The Queen’s funeral is expected to be the most-watched TV event in history with FOUR BILLION global viewers – more than Live Aid 1985 and Charles and Diana’s wedding in 1981
Billions of people across the world are anticipated to have tuned in to witness the historic state funeral of Queen Elizabeth II, leaving television executives dealing with an ‘abnormally high’ volume of viewers.
Britain’s stunning send-off to the nation’s beloved monarch is expected to be the most-watched moment in TV history, with more than half of the world’s population anticipated to have watched it.
The adored sovereign was given the biggest send-off in British history on Monday following her record 70 years as the Commonwealth’s head of state.
And the mammoth numbers of viewers watching the spectacle from home, fields and cinemas, has left statisticians struggling to comprehend the total.
It had been hoped the numbers would be revealed by 9.30am on Tuesday, by the Broadcasters Audience Research Board (BARB).
But it’s now believed it will take hours more to count up the enormous number of viewers.
In a statement, Overnights.TV – which pieces together television figures – told MailOnline: ‘We have been informed by BARB that due to abnormally high levels of viewing for The State Funeral data will be delayed today.’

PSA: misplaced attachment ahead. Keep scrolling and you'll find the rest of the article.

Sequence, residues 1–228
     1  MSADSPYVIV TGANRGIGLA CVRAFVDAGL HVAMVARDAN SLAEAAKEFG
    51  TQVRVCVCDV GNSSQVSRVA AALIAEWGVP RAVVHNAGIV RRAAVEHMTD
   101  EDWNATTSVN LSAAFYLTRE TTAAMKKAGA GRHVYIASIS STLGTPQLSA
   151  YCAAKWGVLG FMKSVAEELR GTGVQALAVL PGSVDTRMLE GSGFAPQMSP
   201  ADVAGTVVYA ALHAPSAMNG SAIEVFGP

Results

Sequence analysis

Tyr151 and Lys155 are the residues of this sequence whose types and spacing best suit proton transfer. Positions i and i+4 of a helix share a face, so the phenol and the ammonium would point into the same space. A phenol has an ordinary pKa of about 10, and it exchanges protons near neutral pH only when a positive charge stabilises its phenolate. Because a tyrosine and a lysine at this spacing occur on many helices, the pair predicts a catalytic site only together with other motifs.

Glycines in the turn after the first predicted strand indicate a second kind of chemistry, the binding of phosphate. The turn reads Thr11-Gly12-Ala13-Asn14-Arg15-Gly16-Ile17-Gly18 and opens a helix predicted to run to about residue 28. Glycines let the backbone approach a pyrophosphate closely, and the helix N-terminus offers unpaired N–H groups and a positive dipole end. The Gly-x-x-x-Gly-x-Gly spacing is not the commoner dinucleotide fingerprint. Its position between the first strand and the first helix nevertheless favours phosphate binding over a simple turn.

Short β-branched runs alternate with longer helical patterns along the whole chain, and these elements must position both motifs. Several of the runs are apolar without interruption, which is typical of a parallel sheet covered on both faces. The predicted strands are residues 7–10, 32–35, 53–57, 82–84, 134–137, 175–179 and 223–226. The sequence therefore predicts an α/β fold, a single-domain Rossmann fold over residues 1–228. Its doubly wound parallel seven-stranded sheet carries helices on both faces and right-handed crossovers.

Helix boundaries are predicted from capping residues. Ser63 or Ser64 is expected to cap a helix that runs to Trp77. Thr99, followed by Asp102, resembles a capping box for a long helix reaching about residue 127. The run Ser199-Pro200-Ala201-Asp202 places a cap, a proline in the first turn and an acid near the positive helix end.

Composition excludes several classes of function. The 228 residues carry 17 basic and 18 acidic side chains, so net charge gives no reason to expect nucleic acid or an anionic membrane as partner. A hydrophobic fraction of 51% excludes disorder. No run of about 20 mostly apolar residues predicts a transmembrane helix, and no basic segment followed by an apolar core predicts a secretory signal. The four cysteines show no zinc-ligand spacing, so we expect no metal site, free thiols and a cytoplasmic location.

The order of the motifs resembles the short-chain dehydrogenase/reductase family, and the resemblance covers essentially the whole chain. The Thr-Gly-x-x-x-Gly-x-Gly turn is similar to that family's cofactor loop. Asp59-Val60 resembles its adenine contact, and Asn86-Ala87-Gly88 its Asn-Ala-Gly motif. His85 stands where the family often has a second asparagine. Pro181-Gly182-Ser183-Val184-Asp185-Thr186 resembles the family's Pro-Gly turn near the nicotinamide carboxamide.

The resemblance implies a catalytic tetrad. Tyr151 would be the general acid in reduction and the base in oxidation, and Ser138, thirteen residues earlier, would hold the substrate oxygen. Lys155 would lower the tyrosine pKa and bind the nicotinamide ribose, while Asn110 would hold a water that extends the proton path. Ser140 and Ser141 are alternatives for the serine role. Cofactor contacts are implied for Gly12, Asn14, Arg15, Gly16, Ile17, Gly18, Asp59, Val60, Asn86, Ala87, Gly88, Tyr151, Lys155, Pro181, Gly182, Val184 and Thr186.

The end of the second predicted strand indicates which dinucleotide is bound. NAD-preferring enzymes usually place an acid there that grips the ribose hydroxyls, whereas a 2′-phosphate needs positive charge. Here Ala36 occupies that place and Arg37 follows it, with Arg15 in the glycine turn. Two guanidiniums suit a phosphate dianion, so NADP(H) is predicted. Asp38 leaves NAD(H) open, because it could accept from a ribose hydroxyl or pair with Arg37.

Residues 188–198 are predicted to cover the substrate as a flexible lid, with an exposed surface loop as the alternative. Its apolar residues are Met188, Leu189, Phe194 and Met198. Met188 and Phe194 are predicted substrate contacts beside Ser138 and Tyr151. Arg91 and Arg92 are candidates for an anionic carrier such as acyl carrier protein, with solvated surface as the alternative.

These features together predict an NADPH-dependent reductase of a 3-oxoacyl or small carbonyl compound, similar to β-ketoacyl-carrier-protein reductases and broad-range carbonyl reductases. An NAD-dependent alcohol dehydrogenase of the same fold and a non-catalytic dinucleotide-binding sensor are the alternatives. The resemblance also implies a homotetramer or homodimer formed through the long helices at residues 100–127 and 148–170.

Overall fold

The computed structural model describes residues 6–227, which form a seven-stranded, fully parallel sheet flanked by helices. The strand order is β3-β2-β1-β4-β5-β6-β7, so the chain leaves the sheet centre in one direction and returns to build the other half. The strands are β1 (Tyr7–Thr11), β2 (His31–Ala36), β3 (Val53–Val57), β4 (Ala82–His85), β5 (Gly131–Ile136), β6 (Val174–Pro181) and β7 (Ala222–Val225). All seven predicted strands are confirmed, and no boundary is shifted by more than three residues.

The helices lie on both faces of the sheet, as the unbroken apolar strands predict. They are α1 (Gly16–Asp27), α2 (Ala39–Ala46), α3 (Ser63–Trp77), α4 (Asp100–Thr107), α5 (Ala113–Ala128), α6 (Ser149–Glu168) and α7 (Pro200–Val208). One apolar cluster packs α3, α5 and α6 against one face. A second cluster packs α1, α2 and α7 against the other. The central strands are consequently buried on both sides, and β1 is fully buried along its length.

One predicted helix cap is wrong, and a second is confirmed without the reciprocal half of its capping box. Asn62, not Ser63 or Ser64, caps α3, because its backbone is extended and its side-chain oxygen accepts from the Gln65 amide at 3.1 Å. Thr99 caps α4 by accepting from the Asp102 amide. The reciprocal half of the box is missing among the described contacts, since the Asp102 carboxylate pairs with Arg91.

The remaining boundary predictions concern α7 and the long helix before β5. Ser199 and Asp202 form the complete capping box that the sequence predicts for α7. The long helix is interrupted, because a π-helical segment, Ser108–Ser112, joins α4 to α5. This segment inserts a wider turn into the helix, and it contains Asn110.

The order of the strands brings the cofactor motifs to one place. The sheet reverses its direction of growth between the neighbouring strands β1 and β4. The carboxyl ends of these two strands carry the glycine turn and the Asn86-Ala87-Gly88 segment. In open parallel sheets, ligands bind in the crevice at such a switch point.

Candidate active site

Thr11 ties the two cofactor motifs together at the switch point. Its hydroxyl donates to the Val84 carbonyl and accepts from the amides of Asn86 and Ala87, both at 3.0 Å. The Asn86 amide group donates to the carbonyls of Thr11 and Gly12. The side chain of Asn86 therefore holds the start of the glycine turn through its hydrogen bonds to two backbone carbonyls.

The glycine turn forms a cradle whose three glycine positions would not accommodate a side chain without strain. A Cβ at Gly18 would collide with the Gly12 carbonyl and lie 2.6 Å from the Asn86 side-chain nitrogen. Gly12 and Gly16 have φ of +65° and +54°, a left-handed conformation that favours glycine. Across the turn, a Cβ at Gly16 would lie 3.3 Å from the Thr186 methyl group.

The Queen’s historic state funeral on Monday attracted record-breaking numbers of viewers from across the globe, who watched as her coffin was pulled through the streets of London
The number is thought to have eclipsed those who tuned in to witness the marriage of Princess Diana to Prince Charles in 1981, which was viewed by about a billion people
1985: More than 1.9 billion watched the late Freddie Mercury stun the Wembley crowd for their iconic Live Aid show
Millions of mourners packed into Westminster and Buckingham Palace to witness the Queen’s funeral, with people flying from the far reaches of the globe to be a part of the commemorations.
And countless more lined the roads from London to Windsor, where Her Majesty was eventually laid to rest, with lines six or seven deep pictured during the Queen’s final 22-mile journey from Wellington Arch to St George’s Chapel, where she was laid to rest alongside her husband, father, mother and sister in the royal crypt
Such is the love for the 96-year-old monarch around the world, her funeral was always expected to attract a huge numbers of viewers – with the total number predicted to outstrip the previous record-breaking opening of the Atlanta Olympics in 1996, viewed by 3.5 billion people.
More than half the world’s population were anticipated to have watched the final chapter of the Second Elizabethan Age draw to a close as the Queen was laid to rest in Windsor.
Live coverage of the spectacle was aired across BBC One, BBC News and iPlayer throughout the day, with ITV and Sky also broadcasting the event.
BBC and ITV are still putting together their total figures from the day, the MailOnline understands.
1996: An estimated 3.5 billion people watched boxing icon Muhammad Ali light the Olympic beacon and open the Atlanta Games
2005: More than two billion tuned in to watch the string of Live8 benefit concerts
2010/11: More than 1.1 billion people watched Sydney’s epic New Year Eve firework celebrations